05/30/2012 05:31 pm ET Updated Jul 30, 2012

The 'Sunk Costs' of a Profit-driven Prison System

Over the past decade, there has been an alarming increase in the use of immigration detention in the United States. From 2001 to 2010, the number of immigrants held in immigration detention each year nearly doubled from 209,000 per year to over 363,000.

The increasing use of immigration detention is an unnecessary drain on government resources and taxpayer dollars. In 2012, the Department of Homeland Security (DHS) maintained a record-high daily detention capacity of 34,000 beds, costing taxpayers $2 billion. As of November 2011, the U.S. government spent approximately $166 per day to hold one immigrant in detention. This is 18 times greater than the $8.88 per day it costs for more efficient, highly effective, and humane alternatives to detention.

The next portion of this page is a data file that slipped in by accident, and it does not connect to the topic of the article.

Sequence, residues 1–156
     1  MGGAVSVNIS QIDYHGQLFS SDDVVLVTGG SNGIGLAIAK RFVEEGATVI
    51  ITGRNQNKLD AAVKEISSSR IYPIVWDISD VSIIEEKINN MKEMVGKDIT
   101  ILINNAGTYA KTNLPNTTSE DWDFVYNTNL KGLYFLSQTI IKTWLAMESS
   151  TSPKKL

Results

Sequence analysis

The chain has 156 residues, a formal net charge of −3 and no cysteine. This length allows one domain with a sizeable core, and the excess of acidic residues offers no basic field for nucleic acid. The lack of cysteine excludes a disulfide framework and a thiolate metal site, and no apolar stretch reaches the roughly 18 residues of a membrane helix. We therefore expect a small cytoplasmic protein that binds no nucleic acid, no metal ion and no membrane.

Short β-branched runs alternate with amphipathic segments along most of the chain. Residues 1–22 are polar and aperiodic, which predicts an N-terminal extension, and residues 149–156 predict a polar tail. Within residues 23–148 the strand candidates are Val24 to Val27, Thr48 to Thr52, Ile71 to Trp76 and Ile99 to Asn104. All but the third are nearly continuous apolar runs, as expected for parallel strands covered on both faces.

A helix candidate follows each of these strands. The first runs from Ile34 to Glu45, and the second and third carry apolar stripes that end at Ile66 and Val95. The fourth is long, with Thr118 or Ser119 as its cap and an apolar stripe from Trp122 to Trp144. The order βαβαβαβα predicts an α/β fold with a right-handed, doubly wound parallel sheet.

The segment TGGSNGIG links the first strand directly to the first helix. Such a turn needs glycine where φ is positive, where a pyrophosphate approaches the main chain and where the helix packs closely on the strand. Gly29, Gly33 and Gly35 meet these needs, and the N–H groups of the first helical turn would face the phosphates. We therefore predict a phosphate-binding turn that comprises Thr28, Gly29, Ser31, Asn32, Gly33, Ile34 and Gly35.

The for-profit prison industry is the main beneficiary of the ever-expanding, unregulated immigration system in the U.S. Since 2001, private corporations have gained increasing control over immigration detention facilities in the US and continue to bring in record profits.

To read the rest of the article, including findings of a recently released report on immigration detention in Georgia, click here.